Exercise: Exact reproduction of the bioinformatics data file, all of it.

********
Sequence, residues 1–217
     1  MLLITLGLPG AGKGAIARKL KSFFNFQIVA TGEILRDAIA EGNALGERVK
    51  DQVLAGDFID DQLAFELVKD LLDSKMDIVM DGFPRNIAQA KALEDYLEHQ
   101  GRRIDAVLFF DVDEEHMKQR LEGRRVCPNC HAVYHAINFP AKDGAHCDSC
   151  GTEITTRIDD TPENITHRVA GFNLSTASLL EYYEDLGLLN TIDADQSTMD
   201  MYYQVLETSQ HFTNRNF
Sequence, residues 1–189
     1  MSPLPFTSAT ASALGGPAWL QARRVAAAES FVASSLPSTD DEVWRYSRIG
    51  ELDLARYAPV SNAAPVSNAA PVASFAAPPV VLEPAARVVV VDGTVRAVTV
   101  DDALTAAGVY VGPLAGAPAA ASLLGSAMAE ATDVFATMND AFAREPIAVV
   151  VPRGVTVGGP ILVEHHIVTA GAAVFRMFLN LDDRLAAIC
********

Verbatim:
Sequence, residues 1–217
     1  MLLITLGLPG AGKGAIARKL KSFFNFQIVA TGEILRDAIA EGNALGERVK
    51  DQVLAGDFID DQLAFELVKD LLDSKMDIVM DGFPRNIAQA KALEDYLEHQ
   101  GRRIDAVLFF DVDEEHMKQR LEGRRVCPNC HAVYHAINFP AKDGAHCDSC
   151  GTEITTRIDD TPENITHRVA GFNLSTASLL EYYEDLGLLN TIDADQSTMD
   201  MYYQVLETSQ HFTNRNF
Sequence, residues 1–189
     1  MSPLPFTSAT ASALGGPAWL QARRVAAAES FVASSLPSTD DEVWRYSRIG
    51  ELDLARYAPV SNAAPVSNAA PVASFAAPPV VLEPAARVVV VDGTVRAVTV
   101  DDALTAAGVY VGPLAGAPAA ASLLGSAMAE ATDVFATMND AFAREPIAVV
   151  VPRGVTVGGP ILVEHHIVTA GAAVFRMFLN LDDRLAAIC